Deutsche Bank sees quar­terly loss on le­gal, over­haul costs

The Pak Banker - - COMPANIES/BOSS -

Deutsche Bank, Ger­many's big­gest len­der, ex­pects to post a 2.1 bil­lion-euro ($2.3 bil­lion) loss for the fourth quar­ter af­ter set­ting aside more money for le­gal mat­ters and tak­ing a re­struc­tur­ing charge. The stock is at the low­est since 2009.

About 1.2 bil­lion euros were ear­marked for lit­i­ga­tion and 800 mil­lion euros for re­struc­tur­ing and sev­er­ance costs, mainly in the pri­vate and busi­ness clients divi­sion, the Frank­furt-based firm said Wed­nes­day in a state­ment. "Chal­leng­ing mar­ket con­di­tions" also hurt earn­ings at the in­vest­ment bank dur­ing the quar­ter, cut­ting group rev­enue to about 6.6 bil­lion euros, it said. The bank had re­ported 7.8 bil­lion euros of net rev­enue a year ear­lier. Co-Chief Ex­ec­u­tive Of­fi­cer John Cryan has been seek­ing ways to re­store in­vestor con­fi­dence and earn­ings growth bat­tered by costs tied to past mis­con­duct. Un­der his over­haul, Deutsche Bank plans to shrink head­count by 26,000, or a quar­ter of the work­force, by 2018 while plan­ning to sus­pend the div­i­dend to help shore up cap­i­tal buf­fers.

"A real fresh start means even lower stated net prof­its for some time," Daniele Brup­bacher, an an­a­lyst at UBS Group AG in Zurich who has a neu­tral rat­ing on the shares, wrote in a note on Thurs­day. Con­di­tions for the com­pany will prob­a­bly "re­main chal­leng­ing" in the first quar­ter, he wrote. The stock fell as much as 6 per­cent and was down 3.5 per­cent at 17.10 euros as of 9:16 a.m. in Frank­furt, the big­gest de­cline in the 46-mem­ber Stoxx Europe 600 Banks In­dex. Deutsche Bank's 24 per­cent de­cline this year means it's the worst-val­ued global bank.

Full-year rev­enue will be about 33.5 bil­lion euros, lead­ing to a net loss of 6.7 bil­lion euros for the pe­riod, Deutsche Bank said. Those re­sults in­clude pre­vi­ously dis­closed im­pair­ments taken in the third quar­ter, full-year lit­i­ga­tion pro­vi­sions of about 5.2 bil­lion euros and re­struc­tur­ing and sev­er­ance charges of 1 bil­lion euros, the len­der said. "This will be the bank's first full-year loss since 2008, and it is sober­ing," Cryan said in a note to em­ploy­ees posted on the bank's web­site. "We ex­pect the next two years to con­sist of hard work, bur­dened by the costs of re­struc­tur­ing the bank and mak­ing much-needed in­vest­ments. By tak­ing th­ese steps, how­ever, we have the po­ten­tial to trans­form our­selves from a re­struc­tur­ing story into a strong, ef­fi­cient, and well-run in­sti­tu­tion."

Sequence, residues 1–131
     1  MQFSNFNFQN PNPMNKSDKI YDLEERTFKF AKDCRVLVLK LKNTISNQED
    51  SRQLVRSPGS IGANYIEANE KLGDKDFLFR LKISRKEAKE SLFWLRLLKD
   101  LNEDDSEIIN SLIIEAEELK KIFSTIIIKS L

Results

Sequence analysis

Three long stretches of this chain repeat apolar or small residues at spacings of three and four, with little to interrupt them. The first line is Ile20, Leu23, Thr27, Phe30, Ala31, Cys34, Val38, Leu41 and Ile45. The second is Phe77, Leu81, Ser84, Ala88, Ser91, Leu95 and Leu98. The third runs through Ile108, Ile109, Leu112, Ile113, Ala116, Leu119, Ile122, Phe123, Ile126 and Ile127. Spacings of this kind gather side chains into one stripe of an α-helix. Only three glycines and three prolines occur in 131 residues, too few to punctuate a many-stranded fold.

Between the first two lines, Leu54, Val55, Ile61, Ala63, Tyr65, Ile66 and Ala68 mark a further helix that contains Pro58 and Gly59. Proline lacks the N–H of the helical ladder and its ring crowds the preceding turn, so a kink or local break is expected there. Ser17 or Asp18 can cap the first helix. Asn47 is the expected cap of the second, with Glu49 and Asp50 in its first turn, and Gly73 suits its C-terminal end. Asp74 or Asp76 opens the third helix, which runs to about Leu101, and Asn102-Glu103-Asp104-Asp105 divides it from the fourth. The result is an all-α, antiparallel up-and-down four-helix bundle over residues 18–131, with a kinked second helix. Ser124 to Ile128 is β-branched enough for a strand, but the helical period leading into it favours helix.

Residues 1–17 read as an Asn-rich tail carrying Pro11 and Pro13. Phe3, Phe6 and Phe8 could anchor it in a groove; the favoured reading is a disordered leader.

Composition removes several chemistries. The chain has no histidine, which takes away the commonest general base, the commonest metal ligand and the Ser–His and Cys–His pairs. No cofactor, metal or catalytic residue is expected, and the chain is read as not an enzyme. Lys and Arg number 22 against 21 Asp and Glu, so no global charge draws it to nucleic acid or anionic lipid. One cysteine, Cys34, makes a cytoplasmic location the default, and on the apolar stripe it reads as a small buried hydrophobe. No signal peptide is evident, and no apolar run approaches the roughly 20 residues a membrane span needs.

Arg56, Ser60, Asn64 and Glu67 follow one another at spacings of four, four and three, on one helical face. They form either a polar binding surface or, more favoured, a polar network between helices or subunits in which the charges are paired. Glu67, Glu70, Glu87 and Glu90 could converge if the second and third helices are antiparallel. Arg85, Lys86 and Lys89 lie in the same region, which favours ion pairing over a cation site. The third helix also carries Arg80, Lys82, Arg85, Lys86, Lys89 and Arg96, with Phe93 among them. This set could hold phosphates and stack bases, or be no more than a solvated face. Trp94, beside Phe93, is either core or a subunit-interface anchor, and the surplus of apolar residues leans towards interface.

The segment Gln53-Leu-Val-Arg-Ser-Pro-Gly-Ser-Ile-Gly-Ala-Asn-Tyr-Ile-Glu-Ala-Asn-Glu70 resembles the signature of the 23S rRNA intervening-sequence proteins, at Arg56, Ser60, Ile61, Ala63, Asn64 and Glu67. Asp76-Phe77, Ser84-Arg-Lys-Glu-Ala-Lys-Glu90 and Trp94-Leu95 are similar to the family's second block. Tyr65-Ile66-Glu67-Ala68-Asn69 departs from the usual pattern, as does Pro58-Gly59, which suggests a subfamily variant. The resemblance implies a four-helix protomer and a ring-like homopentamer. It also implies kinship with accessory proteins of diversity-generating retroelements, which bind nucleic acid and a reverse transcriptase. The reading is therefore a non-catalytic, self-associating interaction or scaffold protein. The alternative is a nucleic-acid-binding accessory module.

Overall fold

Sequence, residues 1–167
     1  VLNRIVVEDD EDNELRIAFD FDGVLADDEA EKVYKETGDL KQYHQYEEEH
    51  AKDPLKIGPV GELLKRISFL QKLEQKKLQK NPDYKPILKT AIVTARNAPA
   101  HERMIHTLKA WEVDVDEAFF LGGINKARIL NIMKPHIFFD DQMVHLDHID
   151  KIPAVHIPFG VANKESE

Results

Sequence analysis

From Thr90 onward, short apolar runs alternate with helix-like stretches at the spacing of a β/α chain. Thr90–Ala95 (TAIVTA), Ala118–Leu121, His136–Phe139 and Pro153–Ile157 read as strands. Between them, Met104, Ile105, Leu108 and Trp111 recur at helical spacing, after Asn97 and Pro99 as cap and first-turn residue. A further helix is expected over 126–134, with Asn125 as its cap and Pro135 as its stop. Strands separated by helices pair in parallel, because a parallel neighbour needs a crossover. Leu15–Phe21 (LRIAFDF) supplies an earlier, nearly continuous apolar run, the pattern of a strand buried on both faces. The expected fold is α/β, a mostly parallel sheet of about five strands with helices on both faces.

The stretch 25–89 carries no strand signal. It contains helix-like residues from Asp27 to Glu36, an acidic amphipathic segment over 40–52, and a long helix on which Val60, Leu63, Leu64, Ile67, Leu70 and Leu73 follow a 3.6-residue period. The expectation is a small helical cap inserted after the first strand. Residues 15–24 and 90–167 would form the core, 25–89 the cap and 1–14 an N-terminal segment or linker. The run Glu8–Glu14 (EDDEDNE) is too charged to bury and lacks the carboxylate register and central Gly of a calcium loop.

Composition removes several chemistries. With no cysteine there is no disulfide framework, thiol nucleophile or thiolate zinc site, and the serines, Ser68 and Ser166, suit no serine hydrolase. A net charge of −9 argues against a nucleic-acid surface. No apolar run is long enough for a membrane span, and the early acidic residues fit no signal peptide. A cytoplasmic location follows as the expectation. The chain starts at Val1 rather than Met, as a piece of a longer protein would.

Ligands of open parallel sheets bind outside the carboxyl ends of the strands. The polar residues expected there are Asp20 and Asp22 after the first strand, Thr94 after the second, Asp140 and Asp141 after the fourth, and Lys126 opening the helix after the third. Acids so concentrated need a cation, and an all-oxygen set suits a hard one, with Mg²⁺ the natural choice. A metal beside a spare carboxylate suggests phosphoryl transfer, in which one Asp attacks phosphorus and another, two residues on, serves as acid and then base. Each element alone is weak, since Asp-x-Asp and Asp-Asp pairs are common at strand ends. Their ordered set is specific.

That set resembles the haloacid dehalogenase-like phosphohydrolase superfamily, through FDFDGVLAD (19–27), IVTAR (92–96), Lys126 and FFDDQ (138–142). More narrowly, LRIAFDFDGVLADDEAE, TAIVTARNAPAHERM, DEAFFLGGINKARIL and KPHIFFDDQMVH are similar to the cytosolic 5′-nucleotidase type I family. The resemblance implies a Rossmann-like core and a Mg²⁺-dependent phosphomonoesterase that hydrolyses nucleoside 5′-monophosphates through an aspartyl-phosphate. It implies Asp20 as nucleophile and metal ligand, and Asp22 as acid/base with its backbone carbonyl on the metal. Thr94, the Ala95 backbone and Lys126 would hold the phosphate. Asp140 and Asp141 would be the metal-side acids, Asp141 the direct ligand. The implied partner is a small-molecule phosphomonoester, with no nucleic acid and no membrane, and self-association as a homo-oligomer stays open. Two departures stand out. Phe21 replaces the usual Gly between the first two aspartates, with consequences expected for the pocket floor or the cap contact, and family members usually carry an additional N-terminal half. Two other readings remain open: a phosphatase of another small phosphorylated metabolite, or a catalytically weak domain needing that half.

Deutsche Bank has racked up more ex­penses for lit­i­ga­tion and fines since the start of 2008 than any other fi­nan­cial firm on the Con­ti­nent, ac­cord­ing to data com­piled by Bloomberg. Its le­gal costs in the fourth quar­ter also ex­ceeded the 750 mil­lion-euro es­ti­mate of Piers Brown, a Mac­quarie Group Ltd. an­a­lyst.

Deutsche Bank has been con­tend­ing with sev­eral reg­u­la­tory probes into al­leged mis­con­duct. The U.S. Depart­ment of Jus­tice and the U.K. Fi­nan­cial Con­duct Au­thor­ity have been look­ing into so-called "mir­ror trades" orig­i­nat­ing from its Moscow of­fice. The Jus­tice Depart­ment also has been ex­am­in­ing what role the bank played in the in­dus­try's ma­nip­u­la­tion of cur­rency ex­change rates and pre­cious me­tals trad­ing. And Deutsche Bank has said it's co­op­er­at­ing with a U.S. probe of mort­gage-backed se­cu­ri­ties.

"We are ex­pect­ing 2016 to be pretty messy for them in terms of re­struc­tur­ing charges," said Shailesh Raikundlia, a Haitong Se­cu­ri­ties an­a­lyst based in the U.K. While ex­pec­ta­tions for fourth-quar­ter re­sults al­ready were low, the size of the lit­i­ga­tion cost was still a sur­prise, he said. "My fore­cast was for them to have only a cou­ple hun­dred mil­lion of lit­i­ga­tion costs." The bank said its com­mon equity Tier 1 ra­tio, a key mea­sure of fi­nan­cial strength, fell to about 11 per­cent at the end of De­cem­ber from 11.5 per­cent three months ear­lier. A change in the reg­u­la­tory cap­i­tal treat­ment of the bank's Abbey Life busi­ness cut the ra­tio by about 10 ba­sis points.

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